It’s a blessing and a curse that we humans are such adept conceptualizers and heuristic thinkers. We continually compare our perceptions about the world to paradigms in our head, performing quick, unconscious goodness-of-fit assessments. We instantly sense danger when a large furry beast rapidly advances. We don’t waste time discerning whether it’s a lion or a tiger. (If it ends up being a friendly dog we breathe a sigh of relief, but better safe than sorry.) Immediately categorizing a new situation as dangerous versus safe is an indispensable survival skill. It many cases arriving at a decision right away is more important than perfect accuracy; some “false positives” are acceptable.
We’re not the only animal to react this way. Lab experiments with mice, rats, and other creatures demonstrate their ability to abstract categories and react rapidly in order to stay safe or further their interests. However, when it comes to assessing our fellow human beings, we elevate this skill to an art form. We instantly judge whether a person approaching us is dangerous, whether a negotiator is honest, whether to give weight to what another person says. These intuitions are woven into everyday life, yet are hard to account for in detail. Observing even one or two qualities we associate with dishonesty, e.g., a shifty gaze or inconsistent narrative, may be enough for us to withhold trust. The stakes involved, and our past experience in similar situations, color our judgments in complex ways.
Expertise in any area of life is the gradual replacement of conscious, cognitive assessment by more fluid, less conscious impression. A beginning surfer decides which wave to ride; an experienced surfer rides a wave that looks and feels right. A new driver tensely scans and analyzes the scene; a long-time driver takes in the scene as a whole, anticipating traffic problems in advance. A medical student concludes that a patient has a serious disease; an experienced physician walks into the patient’s room and immediately surmises this. Experience leads to intuition, a sense about the situation. It’s implicit pattern recognition: “yes, I’ve seen one of these before.”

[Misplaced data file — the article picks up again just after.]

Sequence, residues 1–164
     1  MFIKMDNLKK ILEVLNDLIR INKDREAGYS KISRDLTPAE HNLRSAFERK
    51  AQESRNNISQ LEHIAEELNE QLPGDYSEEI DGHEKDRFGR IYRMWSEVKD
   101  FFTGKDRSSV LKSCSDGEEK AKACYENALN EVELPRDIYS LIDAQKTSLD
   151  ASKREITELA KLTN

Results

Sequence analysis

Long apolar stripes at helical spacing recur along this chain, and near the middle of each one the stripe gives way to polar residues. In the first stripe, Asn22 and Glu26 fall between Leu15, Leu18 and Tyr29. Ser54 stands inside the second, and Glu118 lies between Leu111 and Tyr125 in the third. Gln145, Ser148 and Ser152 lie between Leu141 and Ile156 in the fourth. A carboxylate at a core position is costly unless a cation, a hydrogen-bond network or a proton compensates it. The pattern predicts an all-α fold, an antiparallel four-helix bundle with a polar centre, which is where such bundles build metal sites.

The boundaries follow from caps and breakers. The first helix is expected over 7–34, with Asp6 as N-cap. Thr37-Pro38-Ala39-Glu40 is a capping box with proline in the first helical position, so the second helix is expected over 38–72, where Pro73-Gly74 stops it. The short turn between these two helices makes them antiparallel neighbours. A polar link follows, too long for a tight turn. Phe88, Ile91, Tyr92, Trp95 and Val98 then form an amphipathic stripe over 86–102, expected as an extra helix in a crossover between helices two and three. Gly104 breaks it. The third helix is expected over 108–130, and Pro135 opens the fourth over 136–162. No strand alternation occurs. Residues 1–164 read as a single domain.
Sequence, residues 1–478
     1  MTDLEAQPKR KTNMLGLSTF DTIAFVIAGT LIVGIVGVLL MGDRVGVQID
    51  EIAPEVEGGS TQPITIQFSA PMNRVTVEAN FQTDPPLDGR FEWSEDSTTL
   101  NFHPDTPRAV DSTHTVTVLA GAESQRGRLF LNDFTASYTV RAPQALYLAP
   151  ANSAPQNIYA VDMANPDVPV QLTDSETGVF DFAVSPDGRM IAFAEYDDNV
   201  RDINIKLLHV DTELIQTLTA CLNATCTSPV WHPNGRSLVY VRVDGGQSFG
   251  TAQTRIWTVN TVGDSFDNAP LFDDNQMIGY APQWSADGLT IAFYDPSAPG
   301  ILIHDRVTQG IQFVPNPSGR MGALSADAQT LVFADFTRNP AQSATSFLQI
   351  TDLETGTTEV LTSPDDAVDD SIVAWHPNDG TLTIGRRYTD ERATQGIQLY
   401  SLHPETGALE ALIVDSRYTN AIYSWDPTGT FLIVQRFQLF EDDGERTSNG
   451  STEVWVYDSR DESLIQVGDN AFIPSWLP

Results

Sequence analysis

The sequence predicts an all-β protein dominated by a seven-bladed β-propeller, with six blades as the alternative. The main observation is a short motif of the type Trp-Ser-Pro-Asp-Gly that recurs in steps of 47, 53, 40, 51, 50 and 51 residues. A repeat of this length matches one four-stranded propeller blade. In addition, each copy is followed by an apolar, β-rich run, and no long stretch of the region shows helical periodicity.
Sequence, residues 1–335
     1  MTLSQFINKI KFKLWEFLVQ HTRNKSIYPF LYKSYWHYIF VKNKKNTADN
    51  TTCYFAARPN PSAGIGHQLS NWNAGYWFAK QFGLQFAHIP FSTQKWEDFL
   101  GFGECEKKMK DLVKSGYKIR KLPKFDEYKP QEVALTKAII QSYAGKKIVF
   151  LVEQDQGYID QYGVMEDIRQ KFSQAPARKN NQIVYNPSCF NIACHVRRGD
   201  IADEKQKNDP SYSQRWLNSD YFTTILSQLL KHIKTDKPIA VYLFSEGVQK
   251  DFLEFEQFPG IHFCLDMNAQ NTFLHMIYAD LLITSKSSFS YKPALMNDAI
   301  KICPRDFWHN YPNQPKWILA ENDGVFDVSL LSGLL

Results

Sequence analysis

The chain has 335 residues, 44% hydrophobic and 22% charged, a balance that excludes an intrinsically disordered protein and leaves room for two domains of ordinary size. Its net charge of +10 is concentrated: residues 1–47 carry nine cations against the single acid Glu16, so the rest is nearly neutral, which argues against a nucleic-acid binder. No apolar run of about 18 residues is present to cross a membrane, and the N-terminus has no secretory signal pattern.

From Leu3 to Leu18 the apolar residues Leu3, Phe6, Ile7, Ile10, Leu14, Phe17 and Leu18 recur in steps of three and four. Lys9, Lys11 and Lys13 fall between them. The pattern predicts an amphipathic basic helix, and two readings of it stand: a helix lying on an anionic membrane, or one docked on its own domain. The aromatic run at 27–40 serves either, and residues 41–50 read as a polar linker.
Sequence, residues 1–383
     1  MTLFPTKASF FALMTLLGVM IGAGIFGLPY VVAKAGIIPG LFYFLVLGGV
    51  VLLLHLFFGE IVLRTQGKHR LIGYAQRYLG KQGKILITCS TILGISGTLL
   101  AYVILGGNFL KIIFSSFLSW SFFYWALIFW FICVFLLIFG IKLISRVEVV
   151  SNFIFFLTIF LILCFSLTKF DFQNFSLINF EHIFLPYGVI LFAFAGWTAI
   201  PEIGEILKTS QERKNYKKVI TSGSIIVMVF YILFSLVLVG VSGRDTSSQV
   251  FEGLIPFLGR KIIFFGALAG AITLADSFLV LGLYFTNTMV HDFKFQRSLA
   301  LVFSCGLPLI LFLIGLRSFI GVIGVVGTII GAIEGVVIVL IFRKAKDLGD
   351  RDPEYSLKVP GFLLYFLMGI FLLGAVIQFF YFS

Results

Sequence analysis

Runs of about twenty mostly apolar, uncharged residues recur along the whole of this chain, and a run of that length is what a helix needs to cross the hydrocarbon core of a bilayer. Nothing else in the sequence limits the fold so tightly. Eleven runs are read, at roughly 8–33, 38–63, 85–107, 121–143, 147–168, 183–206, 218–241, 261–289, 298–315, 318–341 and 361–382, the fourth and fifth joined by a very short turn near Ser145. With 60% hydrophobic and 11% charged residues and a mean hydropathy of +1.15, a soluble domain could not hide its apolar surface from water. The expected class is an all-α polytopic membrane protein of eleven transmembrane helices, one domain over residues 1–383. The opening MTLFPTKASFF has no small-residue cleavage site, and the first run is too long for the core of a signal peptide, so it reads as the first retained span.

In this way we are all experts about other people. We get a gut feeling, a sense, a vibe. When it comes to getting along with one another, we’re like the experienced surfer, long-time driver, and seasoned doctor. We don’t consciously analyze, conclude, or decide; the calculus happens unconsciously. And although some of us are better judges of character than others, most of us are right most of the time.
Stereotypes and prejudice are the price we pay for this expertise. The Swiss psychologist Jean Piaget explained how children fit (“assimilate”) their observations about the world into their pre-existing assumptions, and only more reluctantly change (“accommodate”) their assumptions to fit new observations. This is a good description of how adults operate too. Pattern recognition fails when valid new observations don’t fit the old pattern. We call it prejudice when past experience with criminals of a certain appearance leads police officers to assume that others who look like them are criminals too. We call it stereotyping when female health professionals trigger “nurse” before “doctor,” even though there are plenty of male nurses and female physicians.
Mental paradigms change slowly. “Consciousness raising” can help, but fundamentally it takes repeated exposure to countervailing examples to change assumptions. After all, those assumptions and paradigms have saved us more often than not. Our common, repeated exposure to friendly dogs tempers our inherent reaction to large furry beasts, and repeated exposure to different kinds of people refines our expertise in this area as well.